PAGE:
Time ....for a review!
This Book is From the Future by Marie D. Jones and Larry Flaxman is a total delight.
Sub-titled “A Journey Through Portals, Relativity, Worm Holes, and Other Adventures in Time Travel” the book is a virtual compendium of all the theories and stories about time and its vicissitudes.
Ms. Jones and Mr. Flaxman know their stuff.
The concepts they present are difficult to comprehend, even for those of us who have studied the hypothetical ruminations about “time” but Jones and Flaxman seem to understand those difficult ruminations and present clarification for those of us with limited faculties for understanding the ins and outs of time.
The 224 page book contains references that are obscure, esoteric, and, of course, well-known (such as Einstein’s theories about the relativity of time).
Time travel is the foundation of the book however. Going back or forward in time is the essential topic of the book.
The references about time are used to get at the idea(s) of time travel.
Quantum theory, multi-verses, string theory, parallel universes, ghosts, UFOs, and everything else that are impacted by time – which is everything it seems – are covered thoroughly by the authors, and provided in a way that readers can understand and appreciate…something most tomes about time fail to do.
I’m a time junkie and have dozens of books about the topic, but this book was, for me, a pleasure to read and I enjoyed its down-to-earth information and lack of authoritative hubris: the authors speak to their readers, not ivory tower residents. They cater to commonsense and clarity.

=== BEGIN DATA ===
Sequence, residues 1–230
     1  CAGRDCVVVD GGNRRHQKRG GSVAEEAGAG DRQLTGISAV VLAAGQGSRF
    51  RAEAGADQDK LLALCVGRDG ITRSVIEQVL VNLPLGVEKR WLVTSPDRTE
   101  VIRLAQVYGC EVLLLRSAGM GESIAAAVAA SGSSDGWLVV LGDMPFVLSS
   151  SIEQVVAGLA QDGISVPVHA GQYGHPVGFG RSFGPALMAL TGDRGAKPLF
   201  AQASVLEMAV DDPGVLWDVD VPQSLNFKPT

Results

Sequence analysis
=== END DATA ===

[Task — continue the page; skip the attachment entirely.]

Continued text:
I’ve read no book – none – with so many references and insights pertinent to the subject matter.
The sources exploited by the authors are fecund. One will find leads to many, many writings and media generally (movies, television series, et al.): scientific, fictional, bizarre, and cutting edge.
Even Roswell is mentioned (Page 151 ff.); Nick Redfern and our own Anthony Bragalia are cited along with other current, relevant authors whose works are tinged by time and its mysterious aspects. (Even Lady Gaga gets a mention.)
But authors from long, long ago aren’t shirked, nor are those whose ideas have been shunted aside by the wash of time and tide of newer concepts: everything and everyone is touted.
Even the gone-viral clip from a Charlie Chaplin film of 1928 allegedly showing a woman using a cell phone, way back them, is noted (Page 132).
But its “time” and its weird, not-fully-understood affect upon us that get the completely thorough once-over.
No stone about time is left untouched, as far as I can tell. It’s all here, in this truly interesting and cogent book.
I loved reading it and having it as a rather complete reference book.
The book is published New Page Books, a division of Career Press, Inc., Pompton Plains, NJ.
The book sells for $15.99 and can be found at bookstores online and off: Amazon, Barnes and Noble, Powell’s among them.
http://www.newpagebooks.com or http://careerpress.com